Chad
 

TexLaw

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Yep, you just need to steep honey malt. I've never used it, myself, but I have heard many comments like above (i.e., be careful about your quantity).


TL
 

Brewing Clamper

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I steeped 1 lb of honey malt in a "honey wheat" beer and it was way overkill! You might want to pull back to 0.5lb first. Just my 2¢...
 
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Drunken Monk

Drunken Monk

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Thanks for the input guys. looks like I'll steep 1/2 a pound and see what happens.
 

JonK331

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I thought I'd revive this old thread. I just used 4 oz of honey malt in an all grain Pale Ale recipe. The beer finished at 1.008 so it should be pretty dry. Not the case. Tastes very sweet despite 42 ibus and HUGE taste of honey. If I'd have left the honey malt out, it would have been a much better beer. Let this be a warning. Be very careful with the stuff, it has a POWERFUL honey taste.
 

magnj

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I'm surprised you found 4oz to be overpowering! I have a lot of the stuff from a group buy and I've used it a few times. Going to use it as my only specialty malt in a pale ale coming up, 1lb in 10 gallons.
 

ajwillys

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I use honey malt in an imperial IPA to balance out the 100+ IBU's (software says 142) and the 8.7% ABV. I use about a pound of it but it is quite noticeable even still. I love the stuff but have never considered it to be a 'normal' crystal type grain.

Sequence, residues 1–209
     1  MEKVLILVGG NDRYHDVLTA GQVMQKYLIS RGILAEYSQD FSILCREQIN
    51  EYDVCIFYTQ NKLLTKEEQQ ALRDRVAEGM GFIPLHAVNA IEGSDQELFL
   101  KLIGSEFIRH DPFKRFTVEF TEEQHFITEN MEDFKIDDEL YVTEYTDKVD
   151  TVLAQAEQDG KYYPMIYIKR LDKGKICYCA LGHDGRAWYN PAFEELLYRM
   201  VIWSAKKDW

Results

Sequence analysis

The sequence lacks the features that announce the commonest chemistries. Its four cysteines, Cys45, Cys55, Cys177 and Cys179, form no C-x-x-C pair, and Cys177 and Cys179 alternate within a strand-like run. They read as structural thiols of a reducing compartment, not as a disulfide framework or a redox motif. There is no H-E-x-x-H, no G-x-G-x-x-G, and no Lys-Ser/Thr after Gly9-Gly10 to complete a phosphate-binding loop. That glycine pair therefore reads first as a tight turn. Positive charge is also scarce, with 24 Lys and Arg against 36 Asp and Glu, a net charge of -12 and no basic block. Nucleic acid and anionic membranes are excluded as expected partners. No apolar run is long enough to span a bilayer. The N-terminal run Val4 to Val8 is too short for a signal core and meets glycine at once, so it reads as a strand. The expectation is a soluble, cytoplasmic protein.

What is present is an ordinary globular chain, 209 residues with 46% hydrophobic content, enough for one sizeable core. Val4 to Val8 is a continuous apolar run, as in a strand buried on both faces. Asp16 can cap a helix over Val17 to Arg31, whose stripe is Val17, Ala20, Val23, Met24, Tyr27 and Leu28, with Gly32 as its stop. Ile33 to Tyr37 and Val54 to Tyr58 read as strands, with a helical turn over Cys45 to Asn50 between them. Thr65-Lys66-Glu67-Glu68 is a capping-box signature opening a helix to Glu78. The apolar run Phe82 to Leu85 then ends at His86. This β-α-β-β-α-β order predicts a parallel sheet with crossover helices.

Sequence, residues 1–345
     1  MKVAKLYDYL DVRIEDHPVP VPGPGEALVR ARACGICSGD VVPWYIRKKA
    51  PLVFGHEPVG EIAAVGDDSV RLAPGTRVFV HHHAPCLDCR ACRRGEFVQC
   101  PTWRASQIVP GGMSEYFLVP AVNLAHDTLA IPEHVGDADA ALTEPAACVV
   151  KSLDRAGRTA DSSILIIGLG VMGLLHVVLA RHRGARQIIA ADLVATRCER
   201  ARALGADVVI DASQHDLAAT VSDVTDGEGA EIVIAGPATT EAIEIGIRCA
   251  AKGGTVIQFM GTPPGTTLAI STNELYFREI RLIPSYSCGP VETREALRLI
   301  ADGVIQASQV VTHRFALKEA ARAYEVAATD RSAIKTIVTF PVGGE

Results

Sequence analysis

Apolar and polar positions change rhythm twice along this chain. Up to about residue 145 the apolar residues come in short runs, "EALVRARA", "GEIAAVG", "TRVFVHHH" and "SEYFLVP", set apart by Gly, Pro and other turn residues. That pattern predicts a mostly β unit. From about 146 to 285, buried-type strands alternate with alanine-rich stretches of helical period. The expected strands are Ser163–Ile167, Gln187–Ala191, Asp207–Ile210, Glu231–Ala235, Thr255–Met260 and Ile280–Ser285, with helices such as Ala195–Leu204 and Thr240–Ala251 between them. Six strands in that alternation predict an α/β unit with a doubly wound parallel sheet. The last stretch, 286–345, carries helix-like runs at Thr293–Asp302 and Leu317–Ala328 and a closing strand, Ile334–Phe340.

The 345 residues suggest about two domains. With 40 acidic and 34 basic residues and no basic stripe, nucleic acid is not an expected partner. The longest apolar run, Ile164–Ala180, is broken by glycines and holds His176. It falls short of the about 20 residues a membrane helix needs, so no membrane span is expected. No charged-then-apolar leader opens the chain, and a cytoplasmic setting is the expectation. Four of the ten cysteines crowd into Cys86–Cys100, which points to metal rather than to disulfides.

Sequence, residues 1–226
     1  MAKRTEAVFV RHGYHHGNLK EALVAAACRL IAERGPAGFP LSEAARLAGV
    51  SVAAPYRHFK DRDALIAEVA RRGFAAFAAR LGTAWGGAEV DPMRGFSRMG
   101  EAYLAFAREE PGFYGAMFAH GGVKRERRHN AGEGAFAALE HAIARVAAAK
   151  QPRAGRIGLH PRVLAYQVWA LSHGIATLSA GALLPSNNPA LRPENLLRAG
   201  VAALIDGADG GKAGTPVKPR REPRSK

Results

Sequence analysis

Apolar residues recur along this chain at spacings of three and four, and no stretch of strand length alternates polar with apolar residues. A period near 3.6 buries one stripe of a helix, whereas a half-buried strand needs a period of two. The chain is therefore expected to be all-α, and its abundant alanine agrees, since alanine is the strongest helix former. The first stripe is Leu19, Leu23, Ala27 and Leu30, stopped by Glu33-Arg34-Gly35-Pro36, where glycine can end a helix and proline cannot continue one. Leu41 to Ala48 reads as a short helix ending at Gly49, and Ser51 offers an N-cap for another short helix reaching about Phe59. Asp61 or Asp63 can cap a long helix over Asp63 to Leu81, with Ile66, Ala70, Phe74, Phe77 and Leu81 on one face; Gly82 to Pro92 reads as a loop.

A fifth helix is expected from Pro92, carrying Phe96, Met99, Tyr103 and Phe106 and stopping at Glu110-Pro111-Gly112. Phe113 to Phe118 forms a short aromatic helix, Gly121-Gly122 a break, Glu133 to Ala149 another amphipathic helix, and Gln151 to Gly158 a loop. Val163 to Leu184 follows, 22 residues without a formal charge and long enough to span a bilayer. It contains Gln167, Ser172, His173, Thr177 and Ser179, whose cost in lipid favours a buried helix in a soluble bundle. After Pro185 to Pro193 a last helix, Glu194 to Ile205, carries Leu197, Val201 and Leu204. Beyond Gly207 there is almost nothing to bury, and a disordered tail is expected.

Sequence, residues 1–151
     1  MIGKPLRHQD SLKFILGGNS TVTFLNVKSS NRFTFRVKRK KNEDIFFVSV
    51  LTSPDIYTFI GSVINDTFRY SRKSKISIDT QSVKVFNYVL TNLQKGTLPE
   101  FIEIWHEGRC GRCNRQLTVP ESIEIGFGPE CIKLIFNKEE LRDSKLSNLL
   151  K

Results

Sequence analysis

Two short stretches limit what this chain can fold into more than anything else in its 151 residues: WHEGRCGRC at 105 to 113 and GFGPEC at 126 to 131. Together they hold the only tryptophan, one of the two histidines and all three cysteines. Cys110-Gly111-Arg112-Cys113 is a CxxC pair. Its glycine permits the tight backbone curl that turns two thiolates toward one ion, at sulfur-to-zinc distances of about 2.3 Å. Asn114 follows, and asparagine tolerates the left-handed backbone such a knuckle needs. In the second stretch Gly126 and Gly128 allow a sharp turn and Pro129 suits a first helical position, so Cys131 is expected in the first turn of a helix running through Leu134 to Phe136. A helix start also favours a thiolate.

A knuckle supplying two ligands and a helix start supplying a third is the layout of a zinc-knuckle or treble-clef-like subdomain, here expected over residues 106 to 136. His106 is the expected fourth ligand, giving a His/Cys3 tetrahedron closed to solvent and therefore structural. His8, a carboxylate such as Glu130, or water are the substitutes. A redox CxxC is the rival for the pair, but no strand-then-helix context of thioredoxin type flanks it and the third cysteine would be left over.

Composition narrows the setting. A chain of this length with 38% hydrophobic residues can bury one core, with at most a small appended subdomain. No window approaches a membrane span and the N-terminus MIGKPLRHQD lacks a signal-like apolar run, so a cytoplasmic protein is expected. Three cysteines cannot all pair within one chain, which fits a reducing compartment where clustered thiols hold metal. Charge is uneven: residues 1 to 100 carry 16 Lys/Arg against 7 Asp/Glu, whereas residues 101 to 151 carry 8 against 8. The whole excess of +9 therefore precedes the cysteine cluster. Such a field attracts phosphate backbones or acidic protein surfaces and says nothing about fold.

jfrank85

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I've used it in a a pale ale i did a while back and really liked the result. IMO i wouldnt go over 10% of the grain bill if you want to be able to taste anything else in the beer.
 

Judochop

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Got an American Wheat fermenting right now using Honey Malt. Fortunately I did some research before I put together the recipe and only used 3 oz in a 5.75 gallon batch. Can’t say yet how it tastes, but considering the fairly light grain bill I used, I’m feeling like I may have barely dodged a bullet even with the minimal amount I used.

I did stick my face in the bucket for whiff after the guy at the LBHS had scooped out my order, and WHEWEEE!!!

The stuff is PO'tent. That whiff was unlike any other whiff I’ve encountered in any other of the grain buckets.
 

JonK331

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Got an American Wheat fermenting right now using Honey Malt. Fortunately I did some research before I put together the recipe and only used 3 oz in a 5.75 gallon batch. Can’t say yet how it tastes, but considering the fairly light grain bill I used, I’m feeling like I may have barely dodged a bullet even with the minimal amount I used.

I did stick my face in the bucket for whiff after the guy at the LBHS had scooped out my order, and WHEWEEE!!!

The stuff is PO'tent. That whiff was unlike any other whiff I’ve encountered in any other of the grain buckets.
yeah 3 oz might be about right when the goal is to get some significant honey flavor. I was hoping for just a subtle hint of honey but it is as if I added a full pound or even two of actual honey. it certainly is a cheaper option than buying honey and the flavor is of true honey, not honey like. I had a couple pints last night and the honey flave is starting to mellow a bit. Maybe it will come around. Strange stuff though, how the heck to they do that? I also wonder if there is more than one source for it and if so if there is any variance in potency.